One Hour at a Time

[The following is my address to the academic chapel of Crandall University this past September.]

“The lyf so short, the craft so long to lerne.” In his famous poem “The Parliament of Fowls,” Geoffrey Chaucer quotes the ancient Greek sage Hippocrates to tell us something not only about literature, but about life. Life is indeed short when one considers how long it takes to learn how to—

How to what?

How to do anything truly important and worthwhile. To compose a poem, yes, which is what Chaucer initially means. But also to do anything else in life that is of lasting significance.

To build a bridge that will stand strong and look beautiful for generations. To run a business—a business that provides useful and dignified work as it contributes something beneficial to the world. To form and maintain a marriage—a relationship of mutual care and perpetual stability within which children can grow up secure, confident, and wholesome.

Ryan Holiday in a recent book (Perennial Seller) provides some examples of what it takes to produce something special:

• The Sistine Chapel took four years to paint. Four years. The planning and the building took even longer.

To be sure, that was back in the Renaissance. We move much faster nowadays, right?

• The great American novelist Ernest Hemingway wrote 47 alternative endings to his classic work, A Farewell to Arms, and he rewrote the first part of that book more than 50 times.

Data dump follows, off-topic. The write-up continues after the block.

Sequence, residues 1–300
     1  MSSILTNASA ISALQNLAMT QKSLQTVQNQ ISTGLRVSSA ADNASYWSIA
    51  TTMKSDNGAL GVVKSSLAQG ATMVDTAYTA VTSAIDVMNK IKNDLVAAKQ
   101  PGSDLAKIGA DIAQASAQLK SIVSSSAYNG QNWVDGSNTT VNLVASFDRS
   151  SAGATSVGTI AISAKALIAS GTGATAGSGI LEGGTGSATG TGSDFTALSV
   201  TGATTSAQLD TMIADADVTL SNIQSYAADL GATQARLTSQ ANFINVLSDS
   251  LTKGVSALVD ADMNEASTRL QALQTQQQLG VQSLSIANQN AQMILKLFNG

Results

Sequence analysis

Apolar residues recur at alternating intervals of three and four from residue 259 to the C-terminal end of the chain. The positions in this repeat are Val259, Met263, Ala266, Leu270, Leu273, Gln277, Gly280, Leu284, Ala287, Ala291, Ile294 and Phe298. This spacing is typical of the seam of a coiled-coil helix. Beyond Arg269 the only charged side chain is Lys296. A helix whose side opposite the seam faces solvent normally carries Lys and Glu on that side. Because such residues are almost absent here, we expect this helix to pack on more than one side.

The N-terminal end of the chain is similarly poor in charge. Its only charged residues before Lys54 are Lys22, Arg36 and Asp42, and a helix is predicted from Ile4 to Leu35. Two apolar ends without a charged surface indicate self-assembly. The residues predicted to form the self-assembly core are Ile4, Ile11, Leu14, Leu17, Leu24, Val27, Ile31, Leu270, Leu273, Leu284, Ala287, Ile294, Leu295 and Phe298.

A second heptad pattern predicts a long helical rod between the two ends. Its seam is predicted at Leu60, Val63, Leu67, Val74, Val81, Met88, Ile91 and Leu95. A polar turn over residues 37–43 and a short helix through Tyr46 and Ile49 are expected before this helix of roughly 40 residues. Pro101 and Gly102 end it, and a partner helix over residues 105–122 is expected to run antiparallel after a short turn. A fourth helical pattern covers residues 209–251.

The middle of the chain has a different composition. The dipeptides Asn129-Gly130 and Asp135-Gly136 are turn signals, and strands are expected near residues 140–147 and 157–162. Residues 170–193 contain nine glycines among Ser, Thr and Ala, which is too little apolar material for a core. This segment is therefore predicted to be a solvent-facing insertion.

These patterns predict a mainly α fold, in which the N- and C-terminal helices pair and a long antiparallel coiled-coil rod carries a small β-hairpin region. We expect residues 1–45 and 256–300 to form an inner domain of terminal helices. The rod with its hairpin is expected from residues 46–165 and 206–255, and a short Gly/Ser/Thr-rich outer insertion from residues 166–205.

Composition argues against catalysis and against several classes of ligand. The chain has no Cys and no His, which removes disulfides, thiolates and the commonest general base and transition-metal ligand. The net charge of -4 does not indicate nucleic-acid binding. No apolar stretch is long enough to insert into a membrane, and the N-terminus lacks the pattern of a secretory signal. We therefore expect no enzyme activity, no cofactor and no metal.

• Matthew Weiner, the creator of the TV series Mad Men, had to work on his idea for seven years until production began on the pilot episode. And then he had to wait another whole year before he could film the second one.

• James Cameron wrote the treatment for Avatar, which would become the highest grossing film ever (surpassing another movie by James Cameron, Titanic), in 1994. He couldn’t produce it, though, until film technology caught up to his ideas. In fact, he had to help invent some of that technology. And when it was finally ready, it took four years to actually make the movie, which was released in 2009. That’s right: fifteen years later.

I remember a great speaker once being asked over the dinner table after he delivered a masterful oration, “How long did it take you to prepare that, sir?”

He smiled and said, “About five hours—and thirty years.”

And getting really good at doing something may not take Malcolm Gladwell’s proposed 10,000 hours. But it takes some thousands of hours to become a truly capable accountant, or chemist, or pastor, or friend.

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